1.    The Chinese slowdown is a harbinger of a Chinese recession
  2.    Currency wars escalate
  3.    Oil prices move towards $30 and then $20 a barrel
  4.    Leverage becomes a real fear in the US equity markets as investor start to worry about the binge in debt by major corporates in recent years
  5.    Greek elections in September
  6.    Bond market volatility rises and some sovereigns start selling US TYreasuries
  7.    Markets begin to worry that continued low rates and QE aren’t having the impact they’re supposed to have
  8.    The US economy slows sharply as we head into the winter, helped along by bad weather and a strong dollar  

This chain of events could spark a real crisis focused on debt levels and leverage again. Investors could decide that they don’t like the look of QE4 and the new normal and sell off all assets in a singular, super correlated event.  My own take is that the analysts at Check Risk have got it right when they suggest one of three scenarios below: 

  1.  “The US Federal Reserve is unable to raise rates in September or December and forced into QE4. QE4 may seem like madness right now. If the stock market correction spills over into bond market volatility, or worse still, the selling of US Treasuries by EM’s then it is entirely possible. No matter that, the monetary policy gun is fast running out of ammunition. If QE4, or the rumour of more accommodative action were to circulate then we will have been looking at a nasty correction from June until August but nothing more. Markets will recover quickly.
  2.  If the central banks have decided just to stand by and watch, something we very much doubt, then the possibility of a full-blown crash is much more likely. For this to happen the Chinese would have to stop intervening in the stock market and sell US bonds aggressively. … The Chinese economy is growing much slower than forecast, and the Chinese have the money to pump prime their economy. They will do so.
  3.  A thermal runaway is a description of what happens to certain types of battery circuits when they get too hot. Effectively the heat gets to a tipping point where it becomes difficult to control more heat being generated and the battery either catches fire or explodes. There is a similar risk effect in stock markets. ….Risk usually dissipates when the risk is known. However, in some non-benign risk environments risk clusters. Risk, in effect, generates more risk. To be clear, we are not at this stage yet, however, the possibility of a risk cluster forming exists. The downside pressure on markets is almost without resistance at present.”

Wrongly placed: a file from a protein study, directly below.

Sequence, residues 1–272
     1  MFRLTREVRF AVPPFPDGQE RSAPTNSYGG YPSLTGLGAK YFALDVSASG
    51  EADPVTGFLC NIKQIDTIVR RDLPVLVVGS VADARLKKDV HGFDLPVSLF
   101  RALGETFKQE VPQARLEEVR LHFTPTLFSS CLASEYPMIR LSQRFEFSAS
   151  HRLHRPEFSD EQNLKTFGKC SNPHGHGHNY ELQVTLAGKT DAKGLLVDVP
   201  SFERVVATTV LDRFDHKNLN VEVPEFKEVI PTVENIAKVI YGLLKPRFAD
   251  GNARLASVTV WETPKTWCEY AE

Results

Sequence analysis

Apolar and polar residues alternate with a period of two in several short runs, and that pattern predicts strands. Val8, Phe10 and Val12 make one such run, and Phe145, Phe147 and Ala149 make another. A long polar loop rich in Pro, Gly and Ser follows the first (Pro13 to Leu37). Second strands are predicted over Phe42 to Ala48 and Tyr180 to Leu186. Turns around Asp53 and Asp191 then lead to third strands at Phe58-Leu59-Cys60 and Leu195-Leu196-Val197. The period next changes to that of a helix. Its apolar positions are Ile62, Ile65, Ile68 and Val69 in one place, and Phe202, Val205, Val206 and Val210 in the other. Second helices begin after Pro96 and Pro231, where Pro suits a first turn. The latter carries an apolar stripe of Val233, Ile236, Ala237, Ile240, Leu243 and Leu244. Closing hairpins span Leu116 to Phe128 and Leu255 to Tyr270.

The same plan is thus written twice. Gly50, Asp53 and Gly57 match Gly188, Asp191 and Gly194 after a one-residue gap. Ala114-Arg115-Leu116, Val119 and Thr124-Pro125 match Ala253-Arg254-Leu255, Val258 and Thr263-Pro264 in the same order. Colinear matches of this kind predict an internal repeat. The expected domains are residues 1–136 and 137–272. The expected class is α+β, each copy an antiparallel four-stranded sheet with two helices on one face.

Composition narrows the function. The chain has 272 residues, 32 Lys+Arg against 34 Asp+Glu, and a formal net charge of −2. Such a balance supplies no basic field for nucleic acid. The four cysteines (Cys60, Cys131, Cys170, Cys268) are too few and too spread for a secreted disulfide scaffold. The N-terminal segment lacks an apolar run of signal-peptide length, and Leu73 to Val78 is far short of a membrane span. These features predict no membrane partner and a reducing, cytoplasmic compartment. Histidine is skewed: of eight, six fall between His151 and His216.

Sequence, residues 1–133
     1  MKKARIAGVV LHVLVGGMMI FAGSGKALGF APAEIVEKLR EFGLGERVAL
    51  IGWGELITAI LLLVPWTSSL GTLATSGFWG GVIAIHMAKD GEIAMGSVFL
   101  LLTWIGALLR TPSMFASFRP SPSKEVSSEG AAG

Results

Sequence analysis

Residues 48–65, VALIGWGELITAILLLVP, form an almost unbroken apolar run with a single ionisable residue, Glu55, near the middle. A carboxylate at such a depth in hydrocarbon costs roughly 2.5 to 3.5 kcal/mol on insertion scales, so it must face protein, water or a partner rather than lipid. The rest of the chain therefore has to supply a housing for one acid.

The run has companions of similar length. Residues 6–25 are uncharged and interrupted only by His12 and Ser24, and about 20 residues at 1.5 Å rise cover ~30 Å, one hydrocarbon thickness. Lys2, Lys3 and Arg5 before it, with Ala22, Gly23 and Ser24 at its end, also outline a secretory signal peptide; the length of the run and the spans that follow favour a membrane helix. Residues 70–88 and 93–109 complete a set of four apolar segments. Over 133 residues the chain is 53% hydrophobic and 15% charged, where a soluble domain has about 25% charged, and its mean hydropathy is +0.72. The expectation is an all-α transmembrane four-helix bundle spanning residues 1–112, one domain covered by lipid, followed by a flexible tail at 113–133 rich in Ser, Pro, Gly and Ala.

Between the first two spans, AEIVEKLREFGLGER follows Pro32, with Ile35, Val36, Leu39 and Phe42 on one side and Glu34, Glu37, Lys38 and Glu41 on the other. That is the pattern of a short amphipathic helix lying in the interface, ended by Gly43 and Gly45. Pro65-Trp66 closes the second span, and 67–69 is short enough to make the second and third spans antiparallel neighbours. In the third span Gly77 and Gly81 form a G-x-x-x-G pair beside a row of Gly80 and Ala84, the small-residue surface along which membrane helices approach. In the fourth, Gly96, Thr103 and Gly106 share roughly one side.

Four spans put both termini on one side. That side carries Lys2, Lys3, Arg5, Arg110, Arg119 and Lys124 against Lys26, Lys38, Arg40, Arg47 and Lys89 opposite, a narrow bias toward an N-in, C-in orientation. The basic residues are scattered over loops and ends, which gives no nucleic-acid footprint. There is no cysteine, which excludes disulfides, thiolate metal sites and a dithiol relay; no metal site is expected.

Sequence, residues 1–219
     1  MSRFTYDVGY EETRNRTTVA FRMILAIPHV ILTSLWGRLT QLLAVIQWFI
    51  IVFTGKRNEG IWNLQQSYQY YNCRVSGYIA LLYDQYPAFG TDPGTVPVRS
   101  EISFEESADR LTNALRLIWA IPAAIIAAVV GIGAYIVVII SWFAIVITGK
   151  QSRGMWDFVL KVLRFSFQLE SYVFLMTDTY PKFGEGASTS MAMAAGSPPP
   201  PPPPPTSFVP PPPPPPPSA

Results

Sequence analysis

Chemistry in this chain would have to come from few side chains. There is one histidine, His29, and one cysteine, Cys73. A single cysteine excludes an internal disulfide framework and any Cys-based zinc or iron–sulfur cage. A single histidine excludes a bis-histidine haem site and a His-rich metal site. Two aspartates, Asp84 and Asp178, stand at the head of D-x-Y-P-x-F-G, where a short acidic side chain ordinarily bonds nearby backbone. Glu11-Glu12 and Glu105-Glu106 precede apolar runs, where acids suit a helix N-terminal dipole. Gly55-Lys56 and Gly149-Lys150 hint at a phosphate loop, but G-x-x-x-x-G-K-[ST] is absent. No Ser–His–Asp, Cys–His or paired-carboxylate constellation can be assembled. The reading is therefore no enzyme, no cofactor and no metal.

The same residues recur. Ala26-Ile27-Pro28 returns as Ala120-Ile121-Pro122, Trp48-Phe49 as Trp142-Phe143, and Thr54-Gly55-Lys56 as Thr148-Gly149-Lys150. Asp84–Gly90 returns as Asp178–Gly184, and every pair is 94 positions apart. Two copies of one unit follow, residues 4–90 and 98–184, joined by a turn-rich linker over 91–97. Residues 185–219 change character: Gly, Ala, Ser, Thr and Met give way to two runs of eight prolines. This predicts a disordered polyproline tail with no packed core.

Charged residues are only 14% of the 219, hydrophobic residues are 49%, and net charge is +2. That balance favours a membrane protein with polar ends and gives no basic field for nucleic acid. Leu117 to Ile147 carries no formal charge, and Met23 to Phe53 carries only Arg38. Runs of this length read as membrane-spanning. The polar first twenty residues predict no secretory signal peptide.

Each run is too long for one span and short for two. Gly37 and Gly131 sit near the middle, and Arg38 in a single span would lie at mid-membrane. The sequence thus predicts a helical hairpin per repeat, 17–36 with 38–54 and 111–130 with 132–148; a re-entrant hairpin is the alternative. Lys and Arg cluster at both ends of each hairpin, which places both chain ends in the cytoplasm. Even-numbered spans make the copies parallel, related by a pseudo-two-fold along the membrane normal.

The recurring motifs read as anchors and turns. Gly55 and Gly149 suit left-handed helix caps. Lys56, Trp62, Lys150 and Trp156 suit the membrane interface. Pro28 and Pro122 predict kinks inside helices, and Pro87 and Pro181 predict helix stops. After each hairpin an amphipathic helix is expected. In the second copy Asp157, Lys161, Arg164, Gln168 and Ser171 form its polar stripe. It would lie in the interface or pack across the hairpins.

If I had to bet on an outcome over the next few months I’d suggest that we’ll see a flurry of policy activity in September and October and a strong rebound in the markets from mid-November onwards. Sadly until we get there we’ve got at many more nasty and volatile weeks ahead of us – we’re not at the bottom just yet!

But on a more tactical note I’d conclude by agreeing with a note this week from BlackRocks global investment strategist Russ Koesterich when he suggest that the selling is probably already over done in the Eurozone. He reminds us that in local currency terms European and German stocks are now down 15% and 18%, respectively, helping to push valuations to recent lows. Koesterich observes that “German equities are now trading at less than 12 times forward earnings and 1.5 times book value, roughly a 45% discount to the United States. While European growth is likely to remain lower than in the U.S., given the size of the discount and the fact that the major risk associated with Greece has been temporarily removed, the current discount suggests European equities once again look attractive.”   

 

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The content of Asset Allocator is provided by David Stevenson, an independent financial journalist. The views expressed in this page are those of David Stevenson only, and Societe Generale takes no responsibility for his views. The views expressed are David Stevenson's views as of the date of publication only. Neither David Stevenson nor Societe Generale accepts any liability arising from investment decisions you may make for your own account. This material is intended to give general information only and is not to be construed as investment advice. The investments mentioned may not be suitable for everybody and you should ensure that you fully understand the investment you intend to make before making an investment. Links to external websites are not operated by or affiliated with Societe Generale. While we aim to point you to useful external websites, we cannot be responsible for their content or accuracy. Societe Generale takes  responsibility for the views expressed on any external websites or any liability arising from investment decisions you may make. You should seek professional advice if any of the content of this page is unclear.